There is a joke told in transit circles about people who ride electric bicycles: How do you know if someone has an e-bike? They’ll tell you. The idea, of course, is that users of the battery-powered two-wheelers tend to be proselytizers for the technology.
Take Monte Paulsen, a building energy consultant in Vancouver, British Columbia, who used to drive a car five days a week. A former “fair-weather cyclist,” he rode his bike maybe twice a month, weather permitting.
The pandemic, he decided, was a good time to buy a RadWagon, an electric cargo bike from Rad Power Bikes, a top-selling e-bike company. Now, Mr. Paulsen said, he makes 90 percent of his trips on it.
“I started as a personal experiment to see how I could lower my carbon footprint,” he said. “I’ve stuck with it because it’s really fun.”
Modern life is peppered with moments of discovery around mobility: the first car drive as a teenager; the first trip on a train, plane or bus, watching the world from a window seat. In this decade, that moment is increasingly likely to be an inaugural ride on an e-bike, often said to spark a childlike joy, thrilling and freeing.
Indeed, e-bikes are everywhere. The pandemic bike boom boosted e-bike sales 145 percent from 2019 to 2020, more than double the rate of classic bikes, according to the market research firm NPD Group.
While estimates vary, industry experts put the number of e-bikes Americans brought home in 2020 somewhere around half a million. (In comparison, they bought 231,000 all-electric cars in that time period, according to the Pew Research Center — a rate of about two to one.)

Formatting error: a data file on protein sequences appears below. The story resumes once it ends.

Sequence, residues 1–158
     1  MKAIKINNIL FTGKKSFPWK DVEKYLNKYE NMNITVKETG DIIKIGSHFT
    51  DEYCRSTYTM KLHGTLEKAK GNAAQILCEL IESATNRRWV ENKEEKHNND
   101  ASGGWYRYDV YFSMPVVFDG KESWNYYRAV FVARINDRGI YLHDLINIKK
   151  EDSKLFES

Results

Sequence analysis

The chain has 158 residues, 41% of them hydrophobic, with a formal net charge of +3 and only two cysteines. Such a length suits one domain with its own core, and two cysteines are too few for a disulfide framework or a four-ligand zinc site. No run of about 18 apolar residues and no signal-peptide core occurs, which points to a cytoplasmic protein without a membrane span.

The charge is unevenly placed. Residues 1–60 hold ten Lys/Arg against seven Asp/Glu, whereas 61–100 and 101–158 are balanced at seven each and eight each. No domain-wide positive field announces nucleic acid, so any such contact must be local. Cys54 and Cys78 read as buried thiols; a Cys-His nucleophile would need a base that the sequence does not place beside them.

And that growth does not seem to be slowing. Deloitte projected that between 2020 and 2023, 130 million e-bikes would be sold worldwide. At the moment, e-bikes — not cars — appear to be the world’s best-selling electric vehicle, or E.V.
That sort of trend has the potential to transform urban transit. In New York City, just over half of all car trips are three miles or less, according to a 2019 study by the analytics company INRIX. Many short car trips could be replaced, hypothetically, with a short, brisk e-bike ride. So what would it take to get there?
The exploding appetite for electrified rides is a product of three trends unfolding simultaneously, said David Zipper, a visiting fellow at the Harvard Kennedy School of Government and a specialist in new forms of mobility technology.
The first is the rapid development of lithium-ion batteries. Used to power electric cars, these batteries “have gotten smaller, more efficient and cheaper,” Mr. Zipper said, allowing their use in scooters, mopeds and, he added, “for smaller applications, too, like a bicycle.”
The second, he said, is a worldwide resurgence of interest in urban cycling over the last decade. And the third is what he called the “gateway drug” of bike-sharing programs, which allow riders to try e-bikes without buying one.
“You put those together and it’s a sort of natural outgrowth,” said Mr. Zipper, who uses Washington’s Capital Bikeshare, or CaBi, regularly. “E-bikes capitalize on all of those things.”
Most e-bikes fall into three categories. With the first, pedal assist, riders are given a motorized boost, like an invisible hand is pushing them forward. The second, a throttle, allows the rider to zoom around, up to 20 miles per hour, without pedaling, and is commonly used by delivery drivers and couriers. And the last is a faster pedal assist, allowing speeds of at least 28 m.p.h.
For New York’s Citi Bike, the electric-blue pedal-assist bikes make up 20 percent of the fleet but carry 35 percent of all rides, according to internal data provided by Lyft, its parent company. Given that monthly Citi Bike rides have topped three million four times this year, that’s a lot.